Archives For Sports

“Even children get older and I’m getting older too.” – Stevie Nicks, Landslide

People, we are ALL getting older. No matter where you’re currently at in your life – in your prime, or struggling to find purpose, or on a journey of self-discovery, or feeling overwhelmed, or daydreaming, or suffering, or goal setting, or swimming in circles, or soaking in the sunrise and sunset – I think it’s critical to remember that this time too shall pass.

None of us can escape the realization that this life too shall pass.

The years between when a child first picks up a ball out of curiosity to the time when he makes his last play in competition, that moment too shall pass.

So why do we, as adults, overly complicate the experience?

hour glass memories

I believe that a youth athlete’s hour glass life should look something like this. For the record, I’m defining “youth” as anywhere between 4-12 years old.

I realize many of you are in awe right now at my mad graphic design skills. Hopefully the point still comes across.

There should definitely be a cross (or some representation of a belief bigger than them), a lot of books, some play things, several musical instruments, drawing or writing utensils, and other forms of self-expression in there too.

I suppose there would also be more technological gadgets and gaming devices than I can even name…half of which will be considered new-to-market before I even finish this post.

What shouldn’t be included in a youth athlete’s hour glass life are crazy adults, unrealistic expectations, feelings of inadequacy, screaming parents, overwhelming pressure, or recruiters.

Leave that for high school.

I only half kid about that last statement based on what I’ve witnessed from the stands.

Parents, I implore you. This time too shall pass. How do you want them to remember it?

As I state on, kids must learn how to win graciously and lose humbly. Adults must learn how to level set expectations. Because, at the end of their playing days, every athlete should feel pride in what they’ve accomplished, not shame for what never was.

Written by Heidi Woodard

football graphic

In my inbox was an email from a league administrator reminding all youth football fans, a collective group of which I am part, of the following “sportsmanship reminders”:

1) Be thoughtful of others.
2) Be careful what you say…you never know who’s around you.
3) Referees are human…they make mistakes at ALL levels of football.
4) Social Media is not a sounding board for your frustrations.
5) We are in this together…do your part to make sure we succeed.
6) Winning is important, but it’s far from the most important.

I appreciate that this piece of communication went out. I would like to believe that reading it caused a few parents or other supporters of youth athletes to look at themselves a little harder in the mirror and question their own behavior.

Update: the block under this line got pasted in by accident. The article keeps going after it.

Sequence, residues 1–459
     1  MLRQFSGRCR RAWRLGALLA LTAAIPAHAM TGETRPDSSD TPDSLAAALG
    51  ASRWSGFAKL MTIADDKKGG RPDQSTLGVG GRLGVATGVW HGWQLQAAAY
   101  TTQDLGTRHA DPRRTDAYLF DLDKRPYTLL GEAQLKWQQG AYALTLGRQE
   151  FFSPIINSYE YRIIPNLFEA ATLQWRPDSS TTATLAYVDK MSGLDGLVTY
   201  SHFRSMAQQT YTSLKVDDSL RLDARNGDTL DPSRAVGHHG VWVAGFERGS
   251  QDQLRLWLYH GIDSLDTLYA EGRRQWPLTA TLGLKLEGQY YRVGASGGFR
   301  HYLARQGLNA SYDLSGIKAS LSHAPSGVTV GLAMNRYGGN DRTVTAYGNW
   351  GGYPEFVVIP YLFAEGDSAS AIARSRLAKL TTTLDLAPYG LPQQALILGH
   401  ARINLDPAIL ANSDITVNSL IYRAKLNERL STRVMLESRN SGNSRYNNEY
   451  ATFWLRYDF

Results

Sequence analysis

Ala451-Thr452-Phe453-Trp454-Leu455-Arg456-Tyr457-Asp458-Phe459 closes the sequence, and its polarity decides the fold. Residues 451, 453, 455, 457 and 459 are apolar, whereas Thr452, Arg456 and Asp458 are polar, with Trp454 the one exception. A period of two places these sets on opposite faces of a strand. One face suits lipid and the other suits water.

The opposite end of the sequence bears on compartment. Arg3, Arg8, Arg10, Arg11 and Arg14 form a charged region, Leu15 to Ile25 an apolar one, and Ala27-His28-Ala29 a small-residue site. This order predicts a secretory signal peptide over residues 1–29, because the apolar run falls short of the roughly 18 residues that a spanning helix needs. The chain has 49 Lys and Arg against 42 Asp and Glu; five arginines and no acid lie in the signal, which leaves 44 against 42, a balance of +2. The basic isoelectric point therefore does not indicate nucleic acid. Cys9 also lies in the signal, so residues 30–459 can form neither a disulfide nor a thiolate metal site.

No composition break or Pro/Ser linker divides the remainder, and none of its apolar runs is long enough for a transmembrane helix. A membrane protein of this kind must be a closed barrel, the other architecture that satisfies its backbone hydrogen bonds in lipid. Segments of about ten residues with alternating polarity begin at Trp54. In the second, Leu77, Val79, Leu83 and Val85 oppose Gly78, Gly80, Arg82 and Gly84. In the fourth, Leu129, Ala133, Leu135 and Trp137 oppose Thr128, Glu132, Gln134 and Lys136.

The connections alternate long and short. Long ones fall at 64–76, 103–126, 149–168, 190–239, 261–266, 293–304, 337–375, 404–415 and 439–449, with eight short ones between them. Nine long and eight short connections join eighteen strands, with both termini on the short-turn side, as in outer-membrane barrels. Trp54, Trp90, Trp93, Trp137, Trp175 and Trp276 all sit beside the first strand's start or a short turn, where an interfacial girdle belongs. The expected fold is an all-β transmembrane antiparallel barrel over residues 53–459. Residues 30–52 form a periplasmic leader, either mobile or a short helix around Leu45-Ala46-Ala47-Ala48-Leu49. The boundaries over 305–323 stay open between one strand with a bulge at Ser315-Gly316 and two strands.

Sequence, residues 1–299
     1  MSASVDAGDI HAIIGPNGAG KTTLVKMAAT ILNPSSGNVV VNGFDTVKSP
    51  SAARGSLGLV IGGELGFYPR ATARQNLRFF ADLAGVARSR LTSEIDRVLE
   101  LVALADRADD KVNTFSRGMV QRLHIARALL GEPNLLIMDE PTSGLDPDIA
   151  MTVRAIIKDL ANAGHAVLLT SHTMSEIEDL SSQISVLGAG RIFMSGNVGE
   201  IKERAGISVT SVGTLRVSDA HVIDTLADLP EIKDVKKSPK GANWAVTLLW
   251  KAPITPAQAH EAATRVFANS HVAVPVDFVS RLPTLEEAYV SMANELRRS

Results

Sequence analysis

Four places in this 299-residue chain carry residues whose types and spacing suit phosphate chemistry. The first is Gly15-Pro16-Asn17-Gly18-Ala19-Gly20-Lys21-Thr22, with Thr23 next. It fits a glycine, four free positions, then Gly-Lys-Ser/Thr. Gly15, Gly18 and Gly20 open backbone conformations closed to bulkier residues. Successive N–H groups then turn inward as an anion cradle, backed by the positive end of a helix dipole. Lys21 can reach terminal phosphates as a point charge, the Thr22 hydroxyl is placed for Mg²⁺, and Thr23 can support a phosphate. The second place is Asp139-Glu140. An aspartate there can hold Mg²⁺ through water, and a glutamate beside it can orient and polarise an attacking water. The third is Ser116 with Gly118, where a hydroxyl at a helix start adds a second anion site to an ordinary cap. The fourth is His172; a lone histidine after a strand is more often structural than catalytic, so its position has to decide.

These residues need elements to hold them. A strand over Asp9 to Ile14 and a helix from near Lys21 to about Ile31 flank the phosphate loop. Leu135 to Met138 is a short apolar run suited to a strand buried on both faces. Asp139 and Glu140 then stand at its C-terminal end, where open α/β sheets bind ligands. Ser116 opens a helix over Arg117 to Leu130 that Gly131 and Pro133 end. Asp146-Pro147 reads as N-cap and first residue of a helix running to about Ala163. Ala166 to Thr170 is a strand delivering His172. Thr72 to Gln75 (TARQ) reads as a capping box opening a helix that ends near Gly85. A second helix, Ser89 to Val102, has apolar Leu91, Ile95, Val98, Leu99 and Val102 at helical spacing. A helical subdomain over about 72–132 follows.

Or, if they are able to personally keep their cool, maybe it convinced some to not remain silent on the sidelines if they are seated within close proximity to a mom or dad whose blood pressure is boiling over because of what they’re witnessing on the field. That’s what the GiveTheGameBack movement is all about after all!

I, myself, have fallen victim more times than I care to admit to the mindset of “what can my kids do for me (and their teams)?” Because, let’s be totally honest, we see our children as a direct reflection of ourselves, so it feels REALLY good when they succeed, doesn’t it?

How many tackles can they make? How many yards can they gain? How many blocks can they unleash?

I think all these thoughts and more every single game and, frankly, I don’t even understand half of what’s going on. Nor do I enjoy seeing kids, in general, compete in football because not everyone knows how to make or absorb a tackle at their age. (Sorry to any football coaches reading this right now.) On the flip side, both of my boys love playing the game and my husband played college ball so I am outnumbered in our household.

What I DO understand is that all sports, including football, give my kids experiences and memories that will live on far after their final game is played. They’re learning what it’s like to win graciously and lose humbly. They’ve met a band of brothers outside of their normal school friends who they can talk to and laugh with. They have adult mentors who are teaching them not only about how to play the sport, but how to deal with success and adversity in life as well.

I’ve discovered that football is unique because the best teams are a mash-up of several body types and abilities. Big, small, tall, fast, methodical, good hands, powerful legs, loud and boisterous, strong but silent…there’s a little bit of everything. All 11 guys on the field must be on the same page in order to win. Timing, precision, coverage: If one guy is off by a mere half second, the entire team suffers as a result.

Can you think of 10 other people who you must consistently gel with in order to succeed? Seriously, picture them in your head right now. Of those 10, does everyone approach each “game day” with the same mindset and focus? Or are there at least one or two who have their minds up in the clouds or who are persistently angry at life or who are dealing with a personal crisis that doesn’t even involve you but impacts your own chances for success?

I think we forget as adults that our kids are just mini-adults growing into the next generation of leaders and followers – Those who will want to naturally take charge and those who will be more comfortable receiving guidance.

And even though they will rarely (if ever) admit it, they are watching us and how we act towards one another.

With that in mind, I’d like to offer up these additional “sportsmanship reminders” to compliment those that our league administrator has already communicated. Here’s a list of things that we can do for our youth athletes: